Speaker 4:

List that I write things that I'm grateful

Speaker 1:

For every day on my existence system. And it's something I highly recommend because we need to rewire our brain sometimes to think in terms of gratitude, to think in terms of positivity. And we get out of practice, we just check the news every morning, hop on the social media sites and it's

Speaker 4:

Nothing but pure garbage. So it's important that we pause daily,

Speaker 1:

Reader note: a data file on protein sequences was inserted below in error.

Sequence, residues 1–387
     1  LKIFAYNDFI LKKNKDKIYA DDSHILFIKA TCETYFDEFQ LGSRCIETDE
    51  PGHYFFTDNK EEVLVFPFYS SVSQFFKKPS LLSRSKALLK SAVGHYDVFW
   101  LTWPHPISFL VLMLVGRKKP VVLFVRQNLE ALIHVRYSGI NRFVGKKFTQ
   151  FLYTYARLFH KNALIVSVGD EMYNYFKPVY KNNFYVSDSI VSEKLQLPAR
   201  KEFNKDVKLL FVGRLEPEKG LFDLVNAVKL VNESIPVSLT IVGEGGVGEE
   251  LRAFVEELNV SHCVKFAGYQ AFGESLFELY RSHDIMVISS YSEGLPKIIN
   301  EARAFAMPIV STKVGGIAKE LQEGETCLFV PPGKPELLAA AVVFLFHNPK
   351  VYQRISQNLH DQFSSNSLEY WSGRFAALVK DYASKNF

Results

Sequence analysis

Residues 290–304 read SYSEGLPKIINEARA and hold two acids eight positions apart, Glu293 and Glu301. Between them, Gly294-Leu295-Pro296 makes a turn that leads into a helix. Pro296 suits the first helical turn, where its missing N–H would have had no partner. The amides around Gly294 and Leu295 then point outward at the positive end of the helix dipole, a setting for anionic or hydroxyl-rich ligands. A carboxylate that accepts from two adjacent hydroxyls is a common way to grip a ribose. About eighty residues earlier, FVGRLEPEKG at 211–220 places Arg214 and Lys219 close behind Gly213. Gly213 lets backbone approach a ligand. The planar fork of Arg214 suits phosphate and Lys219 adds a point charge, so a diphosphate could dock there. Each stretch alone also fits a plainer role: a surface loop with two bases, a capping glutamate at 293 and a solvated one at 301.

Remember what we're grateful for. And so on my existing system, I have eight entire box for gratitude. And so what I am encouraging you to do, if you're interested in this program is purchase the program it's [email protected], great promo code coupon code. If you're a [email protected] and customize your existence system and start using it, I think you'll see some profound changes in your life. I've sunk a lot of time, a lot of money, a lot of coaching, a lot of resources into whittling down all of the concepts into one sheet of paper it's available for you. So go check that out. And then lastly , uh , you can also get some links, share some links over on local and meet some great people. And before we wrap up out of here, one last reminder that I am a criminal defense attorney here at the R and R law group. We're located in Scottsdale Arizona. I love to help good people who have been charged with crimes, find safety, clarity, and hope in their cases and in their lives. We're very good at what we do. We offer free case evaluation. So if you happen to know anybody in the state of Arizona who has been charged with any type of crime, anytime anybody's in level in trouble with the law, we can help things like DUIs, drugs, domestic violence, minor misdemeanors, major misdemeanors, felonies, old cases, old warrants. If you've got a mugshot on the internet, if you have a , an old license suspension that needs clearing up, we can help with that. We can help you restore your rights to possess a firearm, to vote again, to go apply for federal benefits, just to expunge that record so that when you go and apply for another job, you don't have to Mark that up box. That just feels so terrible. So if you need some help with that, if you know anybody else who needs some help with that, we would be honored and humbled if you sent them our direction, because we're very passionate about what we do. We love to help people, and we will make sure that we take very good care of them and that they leave our office better than they found us. And that's it for me, my friends. I want to thank you so much for being here. We're going to be back tomorrow by the way, but it's not going to be the regular show as usual because we have two very special guests coming onto the program. Mr. Veeva and barns are going to be here at 4:00 PM tomorrow. So we're going to , you know , have a conversation with them about a lot. A lot of stuff is going on this week. Of course, we're going to have some Derek Shovan reaction. Want to see what's going on with the McCaya Bryant case. Get those two items . Men's opinions on that. Learn a little bit more about them and get some other faces on this channel because of course you can only tolerate so much of me. I can only tolerate so much of me. So you're in good company. We're going to see everybody back here tomorrow. Have a great evening sleep well, have a nice hearty dinner. Be rested . Yeah, because we're going to get into it and have some fun tomorrow with Viva and Barnes 4:00 PM, Arizona time, 5:00 PM, mountain 6:00 PM central in Texas, 7:00 PM on the East coast for that one, Florida, man, everybody have a tremendous evening. I'll see you right back here tomorrow. Bye-bye .